To the Editor:
An otherwise brilliant issue was sadly sullied by the inclusion of the non-eyewitness account of the student-police riots in Mexico City, written by Brian Glanville [“A Memory of Mexico,” March] . . .
After his confession (“I missed it all”), which was darling in its naiveté commendable in its frankness, and shocking in its implications, I was about to pass on to the next item in my cover-to-cover progress through the magazine, when my curiosity impelled me to read on to see how Mr. Glanville would report his unobserved details of this fear-panic-confusion-and-prejudice-charged tragedy. There followed an almost unrelieved succession of equivocal comments.
After speaking of flares which, “students said,” were dropped from one of two helicopters, Mr. Glanville writes, “The first shots, they thought, had also come from the helicopters.” (The emphasis here and elsewhere is mine.)
Next, a Mexico City cab driver attests to the honesty of ¿Por Qué?, “the one journal of opposition” in Mexico—testimony that should be accepted without question, since everyone knows Mexico City cabbies are second only to those of Tijuana as reliable sources of information on public affairs.
Describing windows “dotted with bullet holes” at the Colegio de Mejico, the report reveals that “gunmen, obviously professional, had raked the place with crossfire, using dumdum bullets.” Mr. Glanville doesn’t say how he concluded the shooting was the work of pros, but he probably assumed it would take a professional to hit the broadside of a window shooting crosswise, and, of course, only professionals would use dumdum bullets for that kind of a job. Dumdum professionals, no doubt.
Of the shooting in the Plaza, we read: “There had been snipers on the balcony, but they had almost certainly been government agents. . . .” While snipers were firing from the balcony (government agents maybe) and troops were shooting and bayoneting on the ground, “Other agents, wearing white gloves on their left hands for identification, were interspersed among the crowd.” None of these agents provocateurs appears to have been injured in the melee, probably because of the talismanic effect of the magic white gloves in deflecting bullets and bayonets—so long as these Mexican Kamikazes held their left hands up good and high.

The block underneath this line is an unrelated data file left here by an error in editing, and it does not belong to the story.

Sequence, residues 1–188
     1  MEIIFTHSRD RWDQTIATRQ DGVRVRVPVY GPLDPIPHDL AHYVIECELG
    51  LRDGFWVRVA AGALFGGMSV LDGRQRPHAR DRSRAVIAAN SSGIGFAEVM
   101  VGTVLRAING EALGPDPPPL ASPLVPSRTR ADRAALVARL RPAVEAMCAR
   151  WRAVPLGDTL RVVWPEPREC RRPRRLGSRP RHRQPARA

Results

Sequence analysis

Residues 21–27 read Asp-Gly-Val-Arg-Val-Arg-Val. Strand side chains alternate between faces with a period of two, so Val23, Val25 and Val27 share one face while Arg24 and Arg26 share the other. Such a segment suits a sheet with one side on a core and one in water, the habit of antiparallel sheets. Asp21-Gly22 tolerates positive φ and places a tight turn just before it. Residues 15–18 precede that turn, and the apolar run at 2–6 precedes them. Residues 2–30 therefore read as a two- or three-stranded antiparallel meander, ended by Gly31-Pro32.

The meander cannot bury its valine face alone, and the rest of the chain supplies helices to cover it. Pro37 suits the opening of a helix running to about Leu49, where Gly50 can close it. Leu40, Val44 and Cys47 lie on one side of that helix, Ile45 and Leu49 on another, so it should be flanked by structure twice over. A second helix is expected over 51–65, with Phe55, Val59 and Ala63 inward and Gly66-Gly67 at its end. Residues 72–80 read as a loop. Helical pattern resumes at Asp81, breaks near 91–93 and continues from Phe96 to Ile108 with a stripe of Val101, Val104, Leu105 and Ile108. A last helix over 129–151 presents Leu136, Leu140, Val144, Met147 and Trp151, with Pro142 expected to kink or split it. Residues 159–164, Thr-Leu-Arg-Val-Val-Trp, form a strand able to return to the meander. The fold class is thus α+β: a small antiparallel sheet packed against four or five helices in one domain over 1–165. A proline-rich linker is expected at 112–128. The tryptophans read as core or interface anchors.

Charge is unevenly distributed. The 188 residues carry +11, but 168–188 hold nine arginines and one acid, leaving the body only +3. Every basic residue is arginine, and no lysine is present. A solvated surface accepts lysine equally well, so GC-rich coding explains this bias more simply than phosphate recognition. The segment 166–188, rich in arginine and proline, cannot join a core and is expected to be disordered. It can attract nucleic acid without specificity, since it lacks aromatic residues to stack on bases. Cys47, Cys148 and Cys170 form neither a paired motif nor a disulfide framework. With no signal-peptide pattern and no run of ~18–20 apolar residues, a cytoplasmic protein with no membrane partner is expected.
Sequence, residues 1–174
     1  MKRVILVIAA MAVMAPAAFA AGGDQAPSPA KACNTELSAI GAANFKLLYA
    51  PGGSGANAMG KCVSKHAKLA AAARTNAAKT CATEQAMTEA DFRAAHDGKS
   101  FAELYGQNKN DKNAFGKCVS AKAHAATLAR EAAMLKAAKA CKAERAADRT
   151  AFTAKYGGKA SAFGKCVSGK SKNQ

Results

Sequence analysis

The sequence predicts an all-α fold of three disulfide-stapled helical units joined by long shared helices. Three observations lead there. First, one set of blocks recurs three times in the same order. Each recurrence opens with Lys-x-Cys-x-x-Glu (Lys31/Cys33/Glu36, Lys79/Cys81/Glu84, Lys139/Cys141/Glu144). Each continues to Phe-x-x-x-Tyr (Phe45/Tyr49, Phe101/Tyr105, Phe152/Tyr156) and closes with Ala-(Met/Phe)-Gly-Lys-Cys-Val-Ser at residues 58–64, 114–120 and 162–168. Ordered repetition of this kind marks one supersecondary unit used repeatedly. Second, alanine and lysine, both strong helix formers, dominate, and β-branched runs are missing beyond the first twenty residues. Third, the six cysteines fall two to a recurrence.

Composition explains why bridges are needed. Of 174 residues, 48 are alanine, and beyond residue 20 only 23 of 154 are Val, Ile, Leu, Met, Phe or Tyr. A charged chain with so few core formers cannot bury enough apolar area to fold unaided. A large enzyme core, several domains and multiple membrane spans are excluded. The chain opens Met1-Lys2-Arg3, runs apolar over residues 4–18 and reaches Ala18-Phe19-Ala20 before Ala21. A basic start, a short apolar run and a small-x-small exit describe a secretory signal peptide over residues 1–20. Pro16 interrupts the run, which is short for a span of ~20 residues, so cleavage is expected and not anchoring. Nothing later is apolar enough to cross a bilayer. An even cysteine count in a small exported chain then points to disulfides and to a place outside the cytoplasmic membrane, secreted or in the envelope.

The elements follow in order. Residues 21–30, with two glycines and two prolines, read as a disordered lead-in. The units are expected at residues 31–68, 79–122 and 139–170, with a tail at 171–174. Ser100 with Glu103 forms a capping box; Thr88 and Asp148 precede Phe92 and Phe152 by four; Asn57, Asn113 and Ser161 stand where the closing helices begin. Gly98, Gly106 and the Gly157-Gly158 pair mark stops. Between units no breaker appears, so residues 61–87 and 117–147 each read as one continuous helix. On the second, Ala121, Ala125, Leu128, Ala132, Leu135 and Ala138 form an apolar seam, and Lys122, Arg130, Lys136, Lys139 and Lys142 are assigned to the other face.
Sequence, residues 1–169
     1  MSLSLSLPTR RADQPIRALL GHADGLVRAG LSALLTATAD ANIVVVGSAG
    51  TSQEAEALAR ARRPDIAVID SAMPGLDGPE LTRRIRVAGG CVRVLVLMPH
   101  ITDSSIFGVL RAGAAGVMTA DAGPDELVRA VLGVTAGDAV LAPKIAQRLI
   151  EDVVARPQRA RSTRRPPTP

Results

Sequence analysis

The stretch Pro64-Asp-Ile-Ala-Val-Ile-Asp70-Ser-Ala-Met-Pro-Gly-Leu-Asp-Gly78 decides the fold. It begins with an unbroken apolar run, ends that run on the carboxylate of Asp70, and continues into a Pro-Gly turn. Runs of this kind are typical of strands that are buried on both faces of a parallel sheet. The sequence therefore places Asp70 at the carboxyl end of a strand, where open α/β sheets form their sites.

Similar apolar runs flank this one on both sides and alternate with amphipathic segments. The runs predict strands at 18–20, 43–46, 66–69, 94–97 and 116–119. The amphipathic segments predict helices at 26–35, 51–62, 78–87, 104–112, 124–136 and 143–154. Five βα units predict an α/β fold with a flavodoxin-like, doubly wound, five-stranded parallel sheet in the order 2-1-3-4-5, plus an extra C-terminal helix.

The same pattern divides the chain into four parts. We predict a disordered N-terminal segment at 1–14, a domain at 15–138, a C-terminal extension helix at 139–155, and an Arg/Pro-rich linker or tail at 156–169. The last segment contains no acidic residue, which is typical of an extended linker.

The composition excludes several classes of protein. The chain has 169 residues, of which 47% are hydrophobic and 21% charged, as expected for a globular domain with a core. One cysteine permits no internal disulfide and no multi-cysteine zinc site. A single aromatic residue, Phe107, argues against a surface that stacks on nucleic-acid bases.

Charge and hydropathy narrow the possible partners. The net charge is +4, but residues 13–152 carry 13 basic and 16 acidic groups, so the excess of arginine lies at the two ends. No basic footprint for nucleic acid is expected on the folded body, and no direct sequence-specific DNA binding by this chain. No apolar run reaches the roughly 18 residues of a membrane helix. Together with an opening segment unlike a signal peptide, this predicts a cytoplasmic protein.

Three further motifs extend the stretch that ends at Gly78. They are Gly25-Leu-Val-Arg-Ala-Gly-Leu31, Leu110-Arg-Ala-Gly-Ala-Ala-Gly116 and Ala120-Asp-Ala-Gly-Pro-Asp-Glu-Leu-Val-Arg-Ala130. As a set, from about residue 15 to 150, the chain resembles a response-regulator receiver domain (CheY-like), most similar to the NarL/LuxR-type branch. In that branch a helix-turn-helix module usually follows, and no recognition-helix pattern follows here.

There were several other less-than-positive statements:
From that point, the bodies were taken away by the military and allegedly burned. . . .
The reason . . . for the massacre seemed to lie in the vindictive character of President Diaz Ordaz.
The defiance of the students, we heard, was something he had taken bitterly to heart. . . .
. . . it was probable that the generals were by no means averse to the massacre. . . .
“Stories were circulating of foreign correspondents being beaten up. . . .” and “. . . of whiskey being forced down their throats to make them appear drunk and disorderly. . . .”
Later “it was heard” that students who confessed were “allegedly” beaten and tortured.
But, finally, a faintly redeeming note: “What distinguished and . . . invalidated these confessions was—like the government’s own pronouncements—their ingenuous silliness. . . .”
How ingenuously silly can one get?
H. T. Rowe
Ridgewood, New Jersey
Mr. Glanville writes:
The fact that I was not in the Plaza de las Tres Culturas on the night of the massacre did not prevent me from carefully reconstructing what had happened, in situ, over the next three weeks. If certain statements seem “less than positive,” there are two good reasons. First, I was and am not prepared to jeopardize the safety of those who gave me information; a precaution at which it is easier to sneer from the comfort of Ridgewood, N. J., than in Mexico City. Secondly, because it is not my habit to state as fact what I have not seen for myself, however good my sources.
To take the Mexican cab driver’s remark on ¿Por Que? out of context is simply cheap; it was quoted merely as an indication of the way the magazine is popularly regarded. I myself am perfectly satisfied that the bodies were burned, that the students were tortured, that the President did resent the students’ defiance, but I could scarcely be present in Campo Militar Number 1, in the prisons, or in the Presidential Palace at the relevant times.
On the other hand, there is no question that the security agents wore a glove on the left hand, for several of them invaded the balcony from which the student leaders were speaking, and were observed by journalists, such as Mr. Rodda, of the Guardian. The opinion that the crossfire of dumdum bullets which raked the windows of the Colegio de Mejico was the work of professionals was held by a senior official of the college, who based his view on the extreme precision of the fire, and its minimal duration. The dropping of flares by the helicopters was far too generally observed to be denied, while the circumstances of the hitherto peaceful meeting do strongly suggest that the snipers on the balcony were government agents. Again, this could not be proved beyond doubt; even if one had, as Mr. Rowe preferred, been an eyewitness.
How ingenuously perverse can one get?